Nanoscale Pillars and Holes Could Lead to Brighter Displays, Less Glare

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Photo: Dan Hixson/University of Utah College of Engineering

Researchers at the University of Utah have etched nanoscale pillars and holes into silicon wafers to create a polarizing filter that lets in more light than today’s filters. Ultimately the new filter could lead to brighter mobile displays.

“When you take a picture and put the polarized filter on, you are trying to get rid of glare,” said Rajesh Menon, an associate professor at the University of Utah, in a press release. “But most polarizers will eliminate anywhere from to 60 to 70 percent of the light. You can see it with your eyes.”

In research published in the journal Optica, the Utah researchers created a polarizing filter that functions in the same way as standard polarizers but allows up to 30 percent more light to pass through it.

To achieve this improvement, the researchers looked at how polarizing filters in use today operate. In today’s polarizing filters only half of the light is able to pass through because ambient light consists of equal parts light polarized along a horizontal axis and light polarized along a vertical axis. Polarizing filters allow either the horizontal or vertical energy through. The other half of the energy is reflected back or absorbed.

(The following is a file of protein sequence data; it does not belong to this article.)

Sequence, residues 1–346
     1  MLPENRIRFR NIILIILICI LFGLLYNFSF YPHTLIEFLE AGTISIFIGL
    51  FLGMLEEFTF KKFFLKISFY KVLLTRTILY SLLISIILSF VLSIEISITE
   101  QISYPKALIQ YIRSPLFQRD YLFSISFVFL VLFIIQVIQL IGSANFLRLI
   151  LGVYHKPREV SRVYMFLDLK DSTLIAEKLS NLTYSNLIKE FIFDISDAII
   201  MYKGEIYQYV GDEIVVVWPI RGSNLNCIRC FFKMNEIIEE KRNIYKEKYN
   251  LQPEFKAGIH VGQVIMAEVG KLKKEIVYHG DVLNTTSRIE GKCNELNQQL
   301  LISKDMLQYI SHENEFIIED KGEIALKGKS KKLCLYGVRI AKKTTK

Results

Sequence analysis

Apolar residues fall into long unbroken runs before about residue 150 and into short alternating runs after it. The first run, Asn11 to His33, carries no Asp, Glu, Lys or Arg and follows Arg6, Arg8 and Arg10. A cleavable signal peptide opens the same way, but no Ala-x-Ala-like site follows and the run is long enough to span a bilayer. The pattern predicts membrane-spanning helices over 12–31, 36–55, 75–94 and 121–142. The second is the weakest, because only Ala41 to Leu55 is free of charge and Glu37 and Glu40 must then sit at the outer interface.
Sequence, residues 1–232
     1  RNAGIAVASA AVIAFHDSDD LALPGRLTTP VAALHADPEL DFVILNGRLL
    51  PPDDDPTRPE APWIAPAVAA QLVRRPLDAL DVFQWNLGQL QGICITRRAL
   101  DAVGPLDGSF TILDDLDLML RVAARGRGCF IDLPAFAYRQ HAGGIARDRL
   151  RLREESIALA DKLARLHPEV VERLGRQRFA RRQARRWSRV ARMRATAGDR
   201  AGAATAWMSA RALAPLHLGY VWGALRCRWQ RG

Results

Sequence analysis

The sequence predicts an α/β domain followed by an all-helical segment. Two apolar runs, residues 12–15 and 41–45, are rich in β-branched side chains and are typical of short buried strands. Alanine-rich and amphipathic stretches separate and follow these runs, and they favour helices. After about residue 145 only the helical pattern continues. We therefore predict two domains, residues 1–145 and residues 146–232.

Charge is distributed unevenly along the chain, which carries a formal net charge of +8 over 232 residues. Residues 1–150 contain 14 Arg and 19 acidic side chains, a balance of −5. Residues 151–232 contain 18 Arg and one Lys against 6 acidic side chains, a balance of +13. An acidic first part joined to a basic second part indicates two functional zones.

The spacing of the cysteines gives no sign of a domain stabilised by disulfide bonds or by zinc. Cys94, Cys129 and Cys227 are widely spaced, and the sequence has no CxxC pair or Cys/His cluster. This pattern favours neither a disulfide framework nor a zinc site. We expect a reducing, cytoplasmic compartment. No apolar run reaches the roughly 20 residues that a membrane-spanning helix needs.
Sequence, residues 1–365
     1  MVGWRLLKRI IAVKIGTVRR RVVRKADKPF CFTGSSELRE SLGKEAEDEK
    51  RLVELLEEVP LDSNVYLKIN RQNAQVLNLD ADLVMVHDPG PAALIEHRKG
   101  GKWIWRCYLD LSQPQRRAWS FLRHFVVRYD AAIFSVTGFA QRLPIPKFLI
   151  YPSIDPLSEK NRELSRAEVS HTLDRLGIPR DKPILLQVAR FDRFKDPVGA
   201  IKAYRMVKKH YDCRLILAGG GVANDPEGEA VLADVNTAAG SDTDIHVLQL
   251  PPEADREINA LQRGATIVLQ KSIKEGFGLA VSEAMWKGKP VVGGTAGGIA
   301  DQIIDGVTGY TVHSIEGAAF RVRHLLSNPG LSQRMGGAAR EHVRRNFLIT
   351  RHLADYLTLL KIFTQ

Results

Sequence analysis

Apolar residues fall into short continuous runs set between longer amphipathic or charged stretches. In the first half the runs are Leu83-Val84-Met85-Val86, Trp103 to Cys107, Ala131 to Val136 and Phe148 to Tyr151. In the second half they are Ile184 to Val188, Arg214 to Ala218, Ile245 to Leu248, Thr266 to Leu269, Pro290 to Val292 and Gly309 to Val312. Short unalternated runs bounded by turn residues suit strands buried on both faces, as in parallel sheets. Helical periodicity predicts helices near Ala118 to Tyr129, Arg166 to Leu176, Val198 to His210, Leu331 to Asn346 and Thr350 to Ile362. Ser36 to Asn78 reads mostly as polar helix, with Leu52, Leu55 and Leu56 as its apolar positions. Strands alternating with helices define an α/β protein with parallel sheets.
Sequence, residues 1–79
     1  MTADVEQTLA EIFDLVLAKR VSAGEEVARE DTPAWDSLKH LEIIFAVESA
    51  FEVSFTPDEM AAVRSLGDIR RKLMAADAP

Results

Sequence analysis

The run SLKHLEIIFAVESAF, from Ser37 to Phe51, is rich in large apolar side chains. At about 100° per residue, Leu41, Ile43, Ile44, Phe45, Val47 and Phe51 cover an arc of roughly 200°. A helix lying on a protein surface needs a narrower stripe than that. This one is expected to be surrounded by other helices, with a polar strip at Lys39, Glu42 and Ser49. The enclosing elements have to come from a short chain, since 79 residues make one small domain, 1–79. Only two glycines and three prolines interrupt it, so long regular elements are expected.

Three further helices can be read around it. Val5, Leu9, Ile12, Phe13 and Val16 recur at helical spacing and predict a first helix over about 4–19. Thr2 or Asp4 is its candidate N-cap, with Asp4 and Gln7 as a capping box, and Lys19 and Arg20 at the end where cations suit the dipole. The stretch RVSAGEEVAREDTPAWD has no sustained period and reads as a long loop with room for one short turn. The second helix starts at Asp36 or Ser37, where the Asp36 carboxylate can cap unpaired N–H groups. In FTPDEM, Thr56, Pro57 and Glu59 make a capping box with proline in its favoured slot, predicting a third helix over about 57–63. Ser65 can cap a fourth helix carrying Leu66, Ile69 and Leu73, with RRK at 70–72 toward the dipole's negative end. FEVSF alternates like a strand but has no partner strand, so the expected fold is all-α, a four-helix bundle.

To overcome this limitation, the researchers etched nanoscale pillars and holes into silicon wafers in such a way that it can, essentially, rotate light with a polarization perpendicular to its principal axis by 90 degrees. Light with polarization parallel to its principal axis is transmitted undisturbed.

With this new filter, a large portion of the light that is either reflected back or absorbed in traditional polarizing filters is instead converted into the desired polarized state—eliminating glare.

In their latest design, the Utah researchers were able to make a filter that allowed up to 74 percent of the light through. However, in future iterations they believe they can create a filter that allows all the light to pass through and still eliminate glare.

 LCDs with such a filter would be brighter and require less power to achieve that brightness, leading to longer lasting batteries. The researchers also note that these filters could be helpful to photographers who are looking to get more detail in their photos in low-light environments.

While the researchers concede that it could take five to 10 years before this technology finds its way into our mobile devices, they have already begun investigating how to increase the size of the filter and manufacture it with less expense.

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Nanoclast

IEEE Spectrum’s nanotechnology blog, featuring news and analysis about the development, applications, and future of science and technology at the nanoscale.

 
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